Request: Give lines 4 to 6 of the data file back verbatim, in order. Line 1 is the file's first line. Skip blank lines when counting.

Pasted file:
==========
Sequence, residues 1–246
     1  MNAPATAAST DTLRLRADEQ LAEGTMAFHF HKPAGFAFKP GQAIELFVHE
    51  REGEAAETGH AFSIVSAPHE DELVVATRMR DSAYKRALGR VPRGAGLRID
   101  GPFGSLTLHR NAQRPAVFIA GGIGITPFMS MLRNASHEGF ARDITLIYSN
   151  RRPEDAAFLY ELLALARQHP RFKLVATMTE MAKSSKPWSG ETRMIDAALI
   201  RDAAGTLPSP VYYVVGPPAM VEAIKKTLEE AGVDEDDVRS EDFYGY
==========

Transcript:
   101  GPFGSLTLHR NAQRPAVFIA GGIGITPFMS MLRNASHEGF ARDITLIYSN
   151  RRPEDAAFLY ELLALARQHP RFKLVATMTE MAKSSKPWSG ETRMIDAALI
   201  RDAAGTLPSP VYYVVGPPAM VEAIKKTLEE AGVDEDDVRS EDFYGY